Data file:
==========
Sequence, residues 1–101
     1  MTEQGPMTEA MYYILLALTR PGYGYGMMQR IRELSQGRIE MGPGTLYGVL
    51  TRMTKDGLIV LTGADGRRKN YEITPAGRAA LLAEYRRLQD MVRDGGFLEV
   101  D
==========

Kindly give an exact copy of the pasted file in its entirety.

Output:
Sequence, residues 1–101
     1  MTEQGPMTEA MYYILLALTR PGYGYGMMQR IRELSQGRIE MGPGTLYGVL
    51  TRMTKDGLIV LTGADGRRKN YEITPAGRAA LLAEYRRLQD MVRDGGFLEV
   101  D